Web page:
If you followed my coaching job search log you may have noticed that at times I talked about the career implications of certain types of jobs. I realized with a degree of sadness the other day that thinking in terms of a full-time volleyball coaching career led me down a path very different from the one that got me back into coaching three years ago in the first place.
Let me explain.
The back story
I left coaching after the 2006 NCAA Division I women’s season following six years at Brown University. Aside from the last one – which was rough because of bad team chemistry – they were generally fulfilling years. Might have been fun to win a few more matches. In terms of the work I did, though – both at Brown and in the broader community and context – I was content. The problem was finances. I was flat broke and the assistant coach job I was in was only technically part-time. I left coaching to return to my former career in finance to make a living and get myself out of the big hole I was in. That took five years.
Over that period, I followed NCAA volleyball, but intentionally stayed away for fear of getting sucked back into coaching. I needed to focus on my finances. It wasn’t until 2011 that I actually attended a match again. I was at a conference at UCLA and they happened to be hosting Stanford. I figured it would be crazy not to take advantage of the timing. Later, I went to watch Harvard host Princeton at the invitation of the Princeton coach, who was a fellow Ivy League assistant during my Brown days.
By that point the PhD idea was firmly rooted and I was in the application process. When I first visited Exeter in February 2012, a visit to a local club training session was on the agenda. I figured connecting with the local volleyball community would be a good way to socialize myself beyond the academic environment. I didn’t have a specific plan in mind at the time, but figured coaching would feature in some fashion. The idea of coaching the university teams developed months later based on exchanges I had with a fellow American already involved.
Coaching with no expectations
There was no agenda when I started coaching at the University of Exeter. In fact, the original plan was that I would “help out”. Things quickly went beyond that, of course. My point, though, is that I wasn’t thinking at all from a coaching career perspective. I was just thinking that I would like to get back involved in coaching volleyball again after my break from it.
Coaching in Exeter – both at the university and during my stint with the Devon Ladies (see my bio for details) – was about the two things that most motivate me. One is teaching and helping players develop. The other is problem solving – finding solutions to the continuous challenges presented. I talked a bit about this in Coaches coach. It wasn’t about my resume.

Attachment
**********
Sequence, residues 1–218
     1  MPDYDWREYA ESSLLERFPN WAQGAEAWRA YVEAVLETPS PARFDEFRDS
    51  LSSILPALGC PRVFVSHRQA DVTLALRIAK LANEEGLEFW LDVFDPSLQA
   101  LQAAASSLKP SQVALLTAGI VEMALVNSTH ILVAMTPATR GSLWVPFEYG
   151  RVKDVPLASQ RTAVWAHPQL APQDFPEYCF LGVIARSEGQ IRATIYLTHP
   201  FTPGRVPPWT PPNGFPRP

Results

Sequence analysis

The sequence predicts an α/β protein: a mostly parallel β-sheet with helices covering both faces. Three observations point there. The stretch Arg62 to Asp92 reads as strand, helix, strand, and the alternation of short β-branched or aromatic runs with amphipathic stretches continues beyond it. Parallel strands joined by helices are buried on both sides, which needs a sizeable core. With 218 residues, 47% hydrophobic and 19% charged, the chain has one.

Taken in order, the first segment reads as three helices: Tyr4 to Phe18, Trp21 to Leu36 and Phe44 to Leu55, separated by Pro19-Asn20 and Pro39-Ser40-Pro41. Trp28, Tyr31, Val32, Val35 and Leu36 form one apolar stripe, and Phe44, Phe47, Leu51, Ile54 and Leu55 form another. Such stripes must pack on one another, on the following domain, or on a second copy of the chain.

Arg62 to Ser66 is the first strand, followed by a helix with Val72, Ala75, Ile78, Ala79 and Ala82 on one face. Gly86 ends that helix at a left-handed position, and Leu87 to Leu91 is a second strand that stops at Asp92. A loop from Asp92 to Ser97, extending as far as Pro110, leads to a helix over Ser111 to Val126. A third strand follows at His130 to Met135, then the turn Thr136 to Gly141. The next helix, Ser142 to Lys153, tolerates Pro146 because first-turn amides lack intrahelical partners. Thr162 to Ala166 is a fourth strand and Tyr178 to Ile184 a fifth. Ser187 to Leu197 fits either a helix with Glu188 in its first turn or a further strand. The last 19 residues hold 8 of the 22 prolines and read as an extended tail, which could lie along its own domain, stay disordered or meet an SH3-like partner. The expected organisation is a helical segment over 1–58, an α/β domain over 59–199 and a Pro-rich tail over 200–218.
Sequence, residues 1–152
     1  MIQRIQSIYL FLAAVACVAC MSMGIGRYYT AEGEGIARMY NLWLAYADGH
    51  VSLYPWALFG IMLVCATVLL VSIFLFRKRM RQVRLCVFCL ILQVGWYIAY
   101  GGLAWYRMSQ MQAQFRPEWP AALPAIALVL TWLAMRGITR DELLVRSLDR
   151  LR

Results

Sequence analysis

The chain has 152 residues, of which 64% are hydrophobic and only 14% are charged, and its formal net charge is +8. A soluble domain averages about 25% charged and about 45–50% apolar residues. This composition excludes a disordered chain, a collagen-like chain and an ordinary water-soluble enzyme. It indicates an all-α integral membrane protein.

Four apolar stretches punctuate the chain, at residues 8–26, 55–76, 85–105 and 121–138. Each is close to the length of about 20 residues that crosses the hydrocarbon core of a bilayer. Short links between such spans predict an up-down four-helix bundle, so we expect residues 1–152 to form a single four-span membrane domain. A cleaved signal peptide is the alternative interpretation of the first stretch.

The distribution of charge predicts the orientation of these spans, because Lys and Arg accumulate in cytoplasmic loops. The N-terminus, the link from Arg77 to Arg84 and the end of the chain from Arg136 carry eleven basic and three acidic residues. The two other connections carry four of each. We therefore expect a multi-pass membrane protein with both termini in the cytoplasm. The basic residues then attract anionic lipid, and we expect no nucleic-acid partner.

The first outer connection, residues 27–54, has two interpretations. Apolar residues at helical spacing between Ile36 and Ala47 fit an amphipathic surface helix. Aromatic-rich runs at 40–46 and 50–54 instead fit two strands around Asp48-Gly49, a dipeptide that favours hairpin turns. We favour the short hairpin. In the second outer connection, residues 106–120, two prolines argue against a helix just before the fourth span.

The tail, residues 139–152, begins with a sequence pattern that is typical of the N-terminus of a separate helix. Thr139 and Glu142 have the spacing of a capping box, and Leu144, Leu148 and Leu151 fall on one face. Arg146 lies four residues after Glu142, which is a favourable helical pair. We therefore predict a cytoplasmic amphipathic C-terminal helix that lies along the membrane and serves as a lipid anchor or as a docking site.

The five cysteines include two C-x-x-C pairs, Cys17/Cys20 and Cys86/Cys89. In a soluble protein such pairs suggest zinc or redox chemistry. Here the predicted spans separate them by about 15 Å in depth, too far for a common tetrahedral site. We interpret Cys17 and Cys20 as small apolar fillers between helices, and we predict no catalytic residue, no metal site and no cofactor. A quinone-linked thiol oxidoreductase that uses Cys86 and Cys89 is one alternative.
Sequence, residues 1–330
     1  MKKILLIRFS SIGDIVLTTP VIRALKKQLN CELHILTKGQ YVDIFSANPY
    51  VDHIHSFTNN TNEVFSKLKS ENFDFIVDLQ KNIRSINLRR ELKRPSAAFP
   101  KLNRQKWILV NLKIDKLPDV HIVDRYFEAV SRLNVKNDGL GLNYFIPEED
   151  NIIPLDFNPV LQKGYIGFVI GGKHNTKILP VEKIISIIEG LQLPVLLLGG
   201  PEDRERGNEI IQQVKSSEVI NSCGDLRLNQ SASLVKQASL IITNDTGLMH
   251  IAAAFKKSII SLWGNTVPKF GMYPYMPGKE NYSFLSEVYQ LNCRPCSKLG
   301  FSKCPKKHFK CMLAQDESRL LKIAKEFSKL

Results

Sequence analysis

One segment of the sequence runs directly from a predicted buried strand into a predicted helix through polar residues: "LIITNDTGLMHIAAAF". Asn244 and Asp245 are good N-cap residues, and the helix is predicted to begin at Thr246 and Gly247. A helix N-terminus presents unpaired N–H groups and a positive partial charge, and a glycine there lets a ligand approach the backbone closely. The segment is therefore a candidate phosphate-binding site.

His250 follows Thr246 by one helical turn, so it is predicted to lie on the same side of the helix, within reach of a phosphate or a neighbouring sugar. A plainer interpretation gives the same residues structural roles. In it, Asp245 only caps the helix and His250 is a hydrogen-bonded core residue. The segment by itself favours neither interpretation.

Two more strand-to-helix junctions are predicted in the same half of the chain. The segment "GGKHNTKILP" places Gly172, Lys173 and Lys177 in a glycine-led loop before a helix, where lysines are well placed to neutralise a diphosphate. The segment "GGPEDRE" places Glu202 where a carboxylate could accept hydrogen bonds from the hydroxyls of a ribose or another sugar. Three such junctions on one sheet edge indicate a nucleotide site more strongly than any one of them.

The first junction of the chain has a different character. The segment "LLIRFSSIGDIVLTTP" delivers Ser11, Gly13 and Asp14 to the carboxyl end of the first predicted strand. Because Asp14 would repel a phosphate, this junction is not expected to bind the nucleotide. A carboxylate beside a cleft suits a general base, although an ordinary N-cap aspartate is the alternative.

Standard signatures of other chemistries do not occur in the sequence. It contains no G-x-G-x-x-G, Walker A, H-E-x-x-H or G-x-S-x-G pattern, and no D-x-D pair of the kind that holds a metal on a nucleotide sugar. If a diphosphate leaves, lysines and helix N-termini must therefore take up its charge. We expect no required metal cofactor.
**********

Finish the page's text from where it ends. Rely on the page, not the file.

How is this going to look?
Now I find myself thinking mainly about resume implications and less about teaching and problem-solving. Questions like “How will this job set me up for the next position?” go through my mind.
Partly, this is a function of going after at least as many assistant coaching jobs as head coach positions. I’m to the point where I have the knowledge and experience to be a head coach in my own right. I may, however, have to re-enter the full-time coaching ranks lower down in order to eventually get that kind of opportunity down the road. Alternatively, I may be able to take a head coaching position at a lower level, and then look to move up from there. In either case, I’ll need to be in a place where I can be part of enough success to be taken seriously (or potentially attract interest) with regards to an upward progression.
For example, there’s currently a head coaching vacancy in my home state. While there are a number of potential positives to a job like that, if I’m thinking in terms of it being a stepping-stone job then it’s probably not a good situation from the perspective of it not just being a pure coaching job (has additional admin duties). The program is a fairly good one regionally, but in a relatively weak part of the country. It would be a long, slow progression to try to move up from there to the type of position I’d like to have. I’m no spring chicken anymore, which is a consideration in situations like that nowadays.
All I really want…
In an ideal world I would find myself a head coach job in a place I want to live in a program where there is a good working environment and enough support for me to be able to develop and progress things. I am not inherently ambitious from the perspective of wanting to climb the proverbial ladder by constantly moving to “better” programs. I do, however, need to see an opportunity to keep moving forward where I’m at. Once I get to the point where I feel like I’ve done the most I can there, then I would feel the need to move on.
Beyond that, though, I just want to be able to teach and problem-solve – as I did at Exeter.